Saturday, May 10, 2014

Selling books like Hendrix playing

In the various communities of writers you often see posts from people saying "I've just self-published my first book how do I promote it?" which, roughly translated, means "how do I make people buy my book?"

The answer to this question is very simple: You don't. The very last thing you want to do is waste energy (or worse, money) trying. Seriously, just don't. And here's why:

You're on stage with your guitar, standing behind your amplifier. You play a single note. It rings out strong, filling the auditorium and then fades to nothing. Gone.

That's what happens if you publish one book (although you will get some sales forever). But what if you could do this:

You stand in front of your amplifier, you play that same note and it sings out forever - because the sound from the amplifier vibrates the string, which gets played out of the amplifier, which vibrates the string, which gets played out of the amplifier and so on, ad infinitum. Or at least until you get bored or someone unplugs the amp.

That is positive feedback and that's what you're looking for regardless of whether it's traditional or self-publishing. It's just a lot easier to achieve in self-publishing.

Positive feedback in publishing? Yes indeed.

If you have just one book...

When you first publish a book (on, say, Amazon) they give it a little bit of a kick to help it along. Why not? They'd love to make money out of you. So a few people buy the book, pushes it up the chart a bit, makes it a little more visible but once they've bought it they've bought it, so sales drop, the rating drops,visibility (or, more accurately "discoverability") becomes less, which makes it even less likely anyone else will buy it. The sales tail off and die.

You can do some advance marketing, this can help. The start-up kick is bigger but the people who are going to see it and buy it will buy it and after a while it drops down the charts.

Or, maybe you get lucky, maybe this really is a popular book you've written (think Fifty Shades of Grey) and the kick is big, but word of mouth pushes more sales, discoverability goes up and more people buy it. It gets in the news, and sales explode. This is a positive feedback loop but even this eventually tails off, everybody who's going to buy it eventually does and the decline sets in.

What if you have more than one book?

This is stretching the analogy but a single guitar string is equivalent to one book. Every book you publish adds a string like this:

Let's say you take the first option above, you publish a book and don't promote it. Instead you write another book (preferably a sequel). That's published and gets some sales, people like it and they come back and find you have another book, so they buy that. Two sales where before you had just one.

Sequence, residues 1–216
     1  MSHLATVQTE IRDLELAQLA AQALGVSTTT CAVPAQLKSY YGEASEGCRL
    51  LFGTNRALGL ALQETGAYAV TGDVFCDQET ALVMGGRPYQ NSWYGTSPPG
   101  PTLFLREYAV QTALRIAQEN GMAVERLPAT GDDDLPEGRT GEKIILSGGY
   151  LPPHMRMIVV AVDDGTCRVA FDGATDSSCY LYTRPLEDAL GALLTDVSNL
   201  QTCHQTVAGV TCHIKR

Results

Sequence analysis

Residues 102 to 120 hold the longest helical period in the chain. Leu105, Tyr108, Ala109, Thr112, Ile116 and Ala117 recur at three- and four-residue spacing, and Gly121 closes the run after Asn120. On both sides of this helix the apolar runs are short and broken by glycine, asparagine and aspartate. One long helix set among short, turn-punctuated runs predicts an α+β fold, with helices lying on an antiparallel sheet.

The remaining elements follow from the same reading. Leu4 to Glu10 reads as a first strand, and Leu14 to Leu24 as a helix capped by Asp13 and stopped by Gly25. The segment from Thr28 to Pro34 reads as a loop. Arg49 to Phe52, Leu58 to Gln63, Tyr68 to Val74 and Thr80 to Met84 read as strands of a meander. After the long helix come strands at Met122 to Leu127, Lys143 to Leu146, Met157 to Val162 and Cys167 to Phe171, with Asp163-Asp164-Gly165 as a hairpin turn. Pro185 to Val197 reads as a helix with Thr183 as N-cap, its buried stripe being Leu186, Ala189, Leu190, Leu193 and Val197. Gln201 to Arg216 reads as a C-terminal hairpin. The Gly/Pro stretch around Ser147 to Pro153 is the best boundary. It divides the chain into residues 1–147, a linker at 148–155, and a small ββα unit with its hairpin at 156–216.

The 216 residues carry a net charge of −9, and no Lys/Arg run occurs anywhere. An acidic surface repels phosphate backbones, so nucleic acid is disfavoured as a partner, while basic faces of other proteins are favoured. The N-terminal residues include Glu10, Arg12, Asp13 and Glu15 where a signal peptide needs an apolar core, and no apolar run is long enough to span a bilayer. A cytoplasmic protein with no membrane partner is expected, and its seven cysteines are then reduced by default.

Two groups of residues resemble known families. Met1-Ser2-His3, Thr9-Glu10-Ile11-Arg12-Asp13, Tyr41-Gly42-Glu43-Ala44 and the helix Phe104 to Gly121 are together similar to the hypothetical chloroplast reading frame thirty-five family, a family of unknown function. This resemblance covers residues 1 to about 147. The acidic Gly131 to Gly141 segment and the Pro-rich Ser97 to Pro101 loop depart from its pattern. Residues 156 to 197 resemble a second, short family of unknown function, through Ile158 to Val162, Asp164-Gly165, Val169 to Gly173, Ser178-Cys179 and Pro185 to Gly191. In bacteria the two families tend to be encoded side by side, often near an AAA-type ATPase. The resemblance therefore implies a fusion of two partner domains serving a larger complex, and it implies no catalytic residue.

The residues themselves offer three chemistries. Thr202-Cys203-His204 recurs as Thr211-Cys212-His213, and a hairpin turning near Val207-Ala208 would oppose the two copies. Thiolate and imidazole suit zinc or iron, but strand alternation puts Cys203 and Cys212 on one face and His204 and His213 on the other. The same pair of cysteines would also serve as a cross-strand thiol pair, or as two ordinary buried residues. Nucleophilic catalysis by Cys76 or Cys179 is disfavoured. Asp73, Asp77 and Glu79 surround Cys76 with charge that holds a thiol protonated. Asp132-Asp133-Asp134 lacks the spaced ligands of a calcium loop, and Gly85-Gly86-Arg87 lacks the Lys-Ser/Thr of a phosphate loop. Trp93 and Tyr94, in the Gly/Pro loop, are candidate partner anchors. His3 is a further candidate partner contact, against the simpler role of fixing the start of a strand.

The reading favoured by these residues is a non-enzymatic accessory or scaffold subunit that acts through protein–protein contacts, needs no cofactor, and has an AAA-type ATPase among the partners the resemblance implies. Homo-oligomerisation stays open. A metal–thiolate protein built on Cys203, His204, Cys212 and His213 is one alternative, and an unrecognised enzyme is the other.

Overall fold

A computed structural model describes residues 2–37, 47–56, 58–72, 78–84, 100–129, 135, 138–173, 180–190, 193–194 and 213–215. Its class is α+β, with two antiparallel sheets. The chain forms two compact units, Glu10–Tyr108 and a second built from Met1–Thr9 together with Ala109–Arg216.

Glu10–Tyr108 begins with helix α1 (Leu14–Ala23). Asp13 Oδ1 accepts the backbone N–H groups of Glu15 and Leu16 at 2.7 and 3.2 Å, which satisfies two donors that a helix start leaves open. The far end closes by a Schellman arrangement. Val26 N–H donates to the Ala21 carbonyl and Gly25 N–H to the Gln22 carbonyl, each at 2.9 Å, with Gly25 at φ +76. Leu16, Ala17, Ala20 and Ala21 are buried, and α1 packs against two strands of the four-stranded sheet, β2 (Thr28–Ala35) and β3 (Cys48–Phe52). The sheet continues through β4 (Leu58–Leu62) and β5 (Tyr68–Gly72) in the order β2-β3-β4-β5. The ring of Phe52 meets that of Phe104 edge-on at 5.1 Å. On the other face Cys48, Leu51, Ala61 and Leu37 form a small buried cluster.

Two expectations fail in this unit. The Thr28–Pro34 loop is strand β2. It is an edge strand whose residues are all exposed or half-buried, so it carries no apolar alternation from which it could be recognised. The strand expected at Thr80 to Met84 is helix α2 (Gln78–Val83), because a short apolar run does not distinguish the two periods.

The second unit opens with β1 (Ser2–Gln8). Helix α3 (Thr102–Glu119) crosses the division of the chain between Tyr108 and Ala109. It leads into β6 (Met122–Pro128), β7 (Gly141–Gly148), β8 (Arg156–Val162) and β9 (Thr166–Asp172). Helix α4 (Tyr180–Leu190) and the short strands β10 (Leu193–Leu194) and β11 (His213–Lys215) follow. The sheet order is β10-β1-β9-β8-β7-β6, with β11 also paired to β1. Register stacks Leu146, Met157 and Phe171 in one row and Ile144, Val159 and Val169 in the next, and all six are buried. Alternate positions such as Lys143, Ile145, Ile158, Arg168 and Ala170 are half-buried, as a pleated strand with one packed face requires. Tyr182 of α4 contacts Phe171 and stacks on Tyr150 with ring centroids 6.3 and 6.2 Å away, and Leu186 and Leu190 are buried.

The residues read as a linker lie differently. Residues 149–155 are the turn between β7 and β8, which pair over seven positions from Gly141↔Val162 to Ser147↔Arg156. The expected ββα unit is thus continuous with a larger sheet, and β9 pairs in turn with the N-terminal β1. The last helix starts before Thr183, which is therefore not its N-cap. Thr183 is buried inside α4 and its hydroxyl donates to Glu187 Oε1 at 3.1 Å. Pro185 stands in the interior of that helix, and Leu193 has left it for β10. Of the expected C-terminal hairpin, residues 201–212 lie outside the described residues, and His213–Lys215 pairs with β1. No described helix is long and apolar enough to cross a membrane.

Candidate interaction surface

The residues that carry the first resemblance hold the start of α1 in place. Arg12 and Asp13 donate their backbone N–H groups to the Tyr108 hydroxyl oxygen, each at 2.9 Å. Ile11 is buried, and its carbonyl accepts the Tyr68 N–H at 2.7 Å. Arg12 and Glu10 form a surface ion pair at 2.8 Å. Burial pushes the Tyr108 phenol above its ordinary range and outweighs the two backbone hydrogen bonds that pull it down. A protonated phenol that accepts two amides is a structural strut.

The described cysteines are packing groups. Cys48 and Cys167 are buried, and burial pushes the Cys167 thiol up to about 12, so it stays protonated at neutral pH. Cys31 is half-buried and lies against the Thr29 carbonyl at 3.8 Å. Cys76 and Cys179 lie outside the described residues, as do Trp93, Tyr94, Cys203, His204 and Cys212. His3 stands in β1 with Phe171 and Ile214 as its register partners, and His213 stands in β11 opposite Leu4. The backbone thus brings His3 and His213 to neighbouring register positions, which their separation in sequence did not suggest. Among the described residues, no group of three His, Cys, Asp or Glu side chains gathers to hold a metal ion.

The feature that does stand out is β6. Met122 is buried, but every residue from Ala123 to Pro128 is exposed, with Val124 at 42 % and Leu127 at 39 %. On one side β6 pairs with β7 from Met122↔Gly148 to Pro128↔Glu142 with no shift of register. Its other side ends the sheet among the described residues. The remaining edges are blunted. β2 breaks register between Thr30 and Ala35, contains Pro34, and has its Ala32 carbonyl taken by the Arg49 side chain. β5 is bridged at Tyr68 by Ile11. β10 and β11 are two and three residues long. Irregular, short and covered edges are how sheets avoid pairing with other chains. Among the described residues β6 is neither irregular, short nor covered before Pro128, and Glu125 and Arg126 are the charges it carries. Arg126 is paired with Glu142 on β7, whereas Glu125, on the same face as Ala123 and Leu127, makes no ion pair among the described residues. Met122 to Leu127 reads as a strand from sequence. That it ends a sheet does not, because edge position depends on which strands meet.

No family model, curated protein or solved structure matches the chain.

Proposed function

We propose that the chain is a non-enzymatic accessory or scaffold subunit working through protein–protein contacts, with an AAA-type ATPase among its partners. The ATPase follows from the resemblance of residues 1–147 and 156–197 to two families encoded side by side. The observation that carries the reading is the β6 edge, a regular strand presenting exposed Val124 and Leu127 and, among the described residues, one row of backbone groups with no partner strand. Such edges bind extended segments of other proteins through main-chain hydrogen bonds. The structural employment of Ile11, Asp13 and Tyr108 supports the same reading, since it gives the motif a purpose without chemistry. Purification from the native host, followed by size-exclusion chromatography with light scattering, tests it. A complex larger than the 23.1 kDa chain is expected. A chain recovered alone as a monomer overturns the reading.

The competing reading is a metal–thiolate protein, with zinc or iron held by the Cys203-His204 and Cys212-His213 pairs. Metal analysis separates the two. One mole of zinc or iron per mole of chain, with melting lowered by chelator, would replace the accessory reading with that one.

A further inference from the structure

Third book: three sales for one launch. Four books? Four sales. And so it goes on.

But here's the point: As you build the number of books your discoverability increases (you have more books) and when you get a follow-up sale that's another kick in the discoverability of that book. And with all your books cross-promoting each other and pushing each other up the charts you now have positive feedback.

And the analogy completely breaks down.

Because a book is not a recyclable sound wave and guitars seldom have more than six strings.

Once a person has bought a book they don't need to buy it again. So while you can reach a sort of positive feedback point, you still have to keep putting out books to keep triggering a round of further sales. (And reach new people.) If you stop producing the sales will eventually tail off, not to zero but some low level.

Notice that unlike traditional publishing ebooks and print-on-demand paperbacks can always continue to be produced. They are always in the shop waiting to be bought.

Additional factors

If you can't write nothing in the universe will make the positive feedback kick in, I don't care how many books you're written. (Fifty Shades may not have been a very well written book but it was readable and caught the public imagination.)

Speed of getting them out. The faster you can produce books the sooner you'll reach the positive feedback point. Although naturally that depends on lots of other factors.

Pricing is not a major point, as long as you don't price too high.

Once you have a number of books available you can then indulge in promotion and marketing but deciding the point at which it becomes worthwhile is an imponderable. These things work best if you are already doing well.






What's on the turntable? "Red House" by Jimi Hendrix

2 comments:

JOHN T. SHEA said...

'Of course I can make people buy my book!' said Gatsby.

BUY MY BOOK OR ELSE! Actually, it's a trilogy and hasn't been published yet, but I'm giving the world fair warning now. I haven't exactly defined the 'or else' part yet, but it will make Noah's flood look like a lawn sprinkler.

That's it. Job done. Over and out.

Shen Hart said...

Some promotion will always be worthwhile but I agree that throwing yourself into promoting that very first book just isn't a good plan. I find it interesting that a lot of big names (Joanna Penn for example) have said that it's the fifth book which changes things. A few of them seem to have experienced the tipping point at the fifth book in a series. Obviously they're big names so they'll have different mileage to us lower creatures, but it's still a curious thing.